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Title:Development of a hybrid thermoplastic forming process for the manufacture of multi-facet and curvilinear surgical blades from bulk metallic glass
Author(s):Zhu, James
Advisor(s):Kapoor, Shiv G.
Contributor(s):Kapoor, Shiv G.
Department / Program:Mechanical Sci & Engineering
Discipline:Mechanical Engineering
Degree Granting Institution:University of Illinois at Urbana-Champaign
Micro Drawing
Micro Molding
Thermoplastic Forming
Bulk Metallic Glass
Surgical Blade
Abstract:Bulk metallic glasses (BMGs) are multi-component alloys that have formed an amorphous atomic structure. This class of materials exhibit a unique combination of high strength/hardness and high elastic limit that is ideal for the formation and retention of a sharp edge. At high temperatures above the glass transition temperature, BMG begins to exhibit softening behavior and transitions to a supercooled liquid regime. This supercooled state allows the use of economically-viable thermoplastic forming techniques that are typically not available to metals and other hard materials. BMG has therefore been identified as an alternative material for precision surgical blades with the potential of tremendous cost savings. A hybrid thermoplastic forming processing involving sequential micro-molding and micro-drawing operations is developed to manufacture the multi-facet/curvilinear geometries found on most surgical blades. This is accomplished through an oblique drawing technique, i.e. drawing with a non-zero inclination angle. By applying time-varying force profiles during the drawing operation, a wide range of complex blade geometries are possible. A manufacturing testbed has been designed, assembled, and automated based on the oblique drawing concept. To facilitate a smooth drawing operation, a supervisory control algorithm has been specifically developed to switch between force-feedback and velocity-feedback controllers. Experiments have exhibited positive results across several multi-facet and curvilinear blade geometries. Manufacturing process capabilities are quantitatively evaluated and experimental results have measured cutting edge radii to be consistently less than 15 nm, rake face surface finish Ra to be on the order of 20 nm, and edge straightness deviations to be less than 5 µm RMS. Measurements are made at several locations along blade samples as well as across various blade geometries. A high degree of repeatability of edge radius, surface finish, and straightness are found both within a single sample as well as among different blades.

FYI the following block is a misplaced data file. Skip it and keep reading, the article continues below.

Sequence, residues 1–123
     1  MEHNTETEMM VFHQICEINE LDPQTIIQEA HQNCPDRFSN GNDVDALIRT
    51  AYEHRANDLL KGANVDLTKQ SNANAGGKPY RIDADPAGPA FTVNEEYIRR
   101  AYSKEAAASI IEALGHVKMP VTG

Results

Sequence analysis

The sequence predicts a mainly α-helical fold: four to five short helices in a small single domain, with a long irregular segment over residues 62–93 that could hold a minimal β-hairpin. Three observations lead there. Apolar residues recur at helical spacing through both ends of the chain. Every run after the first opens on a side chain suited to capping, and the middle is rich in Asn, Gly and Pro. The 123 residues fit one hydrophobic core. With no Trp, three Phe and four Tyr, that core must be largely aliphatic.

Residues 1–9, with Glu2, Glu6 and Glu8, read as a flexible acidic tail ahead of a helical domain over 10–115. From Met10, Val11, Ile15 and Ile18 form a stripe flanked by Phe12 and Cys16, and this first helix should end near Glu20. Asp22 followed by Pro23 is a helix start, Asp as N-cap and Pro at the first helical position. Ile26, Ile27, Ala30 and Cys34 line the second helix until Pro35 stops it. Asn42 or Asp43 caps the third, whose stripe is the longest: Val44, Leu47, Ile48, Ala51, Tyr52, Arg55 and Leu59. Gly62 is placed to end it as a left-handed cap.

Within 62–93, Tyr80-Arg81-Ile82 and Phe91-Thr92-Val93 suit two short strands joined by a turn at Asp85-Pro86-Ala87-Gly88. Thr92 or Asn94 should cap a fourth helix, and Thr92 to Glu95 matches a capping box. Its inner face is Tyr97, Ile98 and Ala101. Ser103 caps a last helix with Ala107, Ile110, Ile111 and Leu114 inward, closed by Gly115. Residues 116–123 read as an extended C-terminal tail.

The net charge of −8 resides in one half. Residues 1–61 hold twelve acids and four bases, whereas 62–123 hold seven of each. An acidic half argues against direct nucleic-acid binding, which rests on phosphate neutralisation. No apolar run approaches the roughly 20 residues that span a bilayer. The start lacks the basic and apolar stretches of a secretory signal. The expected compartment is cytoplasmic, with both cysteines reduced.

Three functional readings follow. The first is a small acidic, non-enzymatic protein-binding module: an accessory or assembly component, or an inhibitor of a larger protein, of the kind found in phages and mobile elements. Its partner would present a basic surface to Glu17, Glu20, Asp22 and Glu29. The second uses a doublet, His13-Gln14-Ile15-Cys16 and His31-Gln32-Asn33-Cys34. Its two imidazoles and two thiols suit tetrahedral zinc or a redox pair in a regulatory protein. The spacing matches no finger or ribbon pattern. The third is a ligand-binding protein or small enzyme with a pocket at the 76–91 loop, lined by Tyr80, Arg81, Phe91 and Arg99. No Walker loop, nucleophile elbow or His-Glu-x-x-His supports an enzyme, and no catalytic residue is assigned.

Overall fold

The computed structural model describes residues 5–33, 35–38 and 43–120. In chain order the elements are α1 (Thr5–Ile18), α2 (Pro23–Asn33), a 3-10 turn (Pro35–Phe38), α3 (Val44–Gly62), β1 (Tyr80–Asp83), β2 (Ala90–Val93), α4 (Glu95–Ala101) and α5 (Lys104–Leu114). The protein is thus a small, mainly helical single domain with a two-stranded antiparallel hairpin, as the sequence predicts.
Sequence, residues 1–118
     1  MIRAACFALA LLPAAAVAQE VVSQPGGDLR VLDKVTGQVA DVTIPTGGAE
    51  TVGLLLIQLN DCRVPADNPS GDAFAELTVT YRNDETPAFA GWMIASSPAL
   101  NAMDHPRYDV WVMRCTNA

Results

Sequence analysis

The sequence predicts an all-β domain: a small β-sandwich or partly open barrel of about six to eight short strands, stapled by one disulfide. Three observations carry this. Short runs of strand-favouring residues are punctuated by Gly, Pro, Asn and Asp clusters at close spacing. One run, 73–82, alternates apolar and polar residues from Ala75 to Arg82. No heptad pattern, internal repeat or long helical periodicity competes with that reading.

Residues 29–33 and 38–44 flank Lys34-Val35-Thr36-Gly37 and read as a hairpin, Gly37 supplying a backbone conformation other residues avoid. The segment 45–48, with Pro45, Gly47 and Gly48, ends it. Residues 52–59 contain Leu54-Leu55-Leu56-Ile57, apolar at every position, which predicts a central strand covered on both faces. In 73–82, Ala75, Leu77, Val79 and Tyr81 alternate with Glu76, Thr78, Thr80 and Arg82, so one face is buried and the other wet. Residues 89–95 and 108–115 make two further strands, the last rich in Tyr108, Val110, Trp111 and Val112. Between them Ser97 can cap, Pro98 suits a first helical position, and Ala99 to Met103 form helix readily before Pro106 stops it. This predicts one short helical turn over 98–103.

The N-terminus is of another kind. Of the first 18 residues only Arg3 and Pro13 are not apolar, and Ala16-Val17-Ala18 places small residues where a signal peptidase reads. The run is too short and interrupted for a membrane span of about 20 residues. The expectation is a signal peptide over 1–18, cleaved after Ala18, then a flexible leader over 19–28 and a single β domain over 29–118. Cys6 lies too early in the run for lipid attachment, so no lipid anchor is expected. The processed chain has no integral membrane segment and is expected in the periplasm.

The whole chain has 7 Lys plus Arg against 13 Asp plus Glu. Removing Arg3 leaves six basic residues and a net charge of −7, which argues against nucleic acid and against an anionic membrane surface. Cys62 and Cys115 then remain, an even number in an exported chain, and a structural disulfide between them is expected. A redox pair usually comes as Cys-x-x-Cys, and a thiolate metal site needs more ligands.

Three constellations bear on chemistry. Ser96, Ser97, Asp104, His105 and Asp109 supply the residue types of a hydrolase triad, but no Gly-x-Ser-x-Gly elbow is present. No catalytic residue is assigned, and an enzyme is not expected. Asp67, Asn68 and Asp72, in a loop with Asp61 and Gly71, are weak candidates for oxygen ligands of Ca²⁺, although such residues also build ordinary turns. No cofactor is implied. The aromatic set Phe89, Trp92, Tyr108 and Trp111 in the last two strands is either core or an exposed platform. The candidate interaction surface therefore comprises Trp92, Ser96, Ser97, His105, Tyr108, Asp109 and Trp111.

Issue Date:2015-01-07
Rights Information:Copyright 2015 James Zhu
Date Available in IDEALS:2015-07-22
Date Deposited:May 2015

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